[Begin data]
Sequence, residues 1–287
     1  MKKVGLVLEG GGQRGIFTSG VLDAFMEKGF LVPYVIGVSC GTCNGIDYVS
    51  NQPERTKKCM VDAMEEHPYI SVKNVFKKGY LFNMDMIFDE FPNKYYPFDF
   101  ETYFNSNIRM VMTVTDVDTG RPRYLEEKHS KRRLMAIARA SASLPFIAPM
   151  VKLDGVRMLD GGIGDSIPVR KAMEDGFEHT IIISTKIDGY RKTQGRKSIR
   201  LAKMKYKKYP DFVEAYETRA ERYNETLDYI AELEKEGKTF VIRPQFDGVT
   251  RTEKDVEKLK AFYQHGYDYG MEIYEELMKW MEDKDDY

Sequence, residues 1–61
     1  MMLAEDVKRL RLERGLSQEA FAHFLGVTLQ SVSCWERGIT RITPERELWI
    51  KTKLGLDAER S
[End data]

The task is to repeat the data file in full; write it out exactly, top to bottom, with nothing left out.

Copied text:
Sequence, residues 1–287
     1  MKKVGLVLEG GGQRGIFTSG VLDAFMEKGF LVPYVIGVSC GTCNGIDYVS
    51  NQPERTKKCM VDAMEEHPYI SVKNVFKKGY LFNMDMIFDE FPNKYYPFDF
   101  ETYFNSNIRM VMTVTDVDTG RPRYLEEKHS KRRLMAIARA SASLPFIAPM
   151  VKLDGVRMLD GGIGDSIPVR KAMEDGFEHT IIISTKIDGY RKTQGRKSIR
   201  LAKMKYKKYP DFVEAYETRA ERYNETLDYI AELEKEGKTF VIRPQFDGVT
   251  RTEKDVEKLK AFYQHGYDYG MEIYEELMKW MEDKDDY

Sequence, residues 1–61
     1  MMLAEDVKRL RLERGLSQEA FAHFLGVTLQ SVSCWERGIT RITPERELWI
    51  KTKLGLDAER S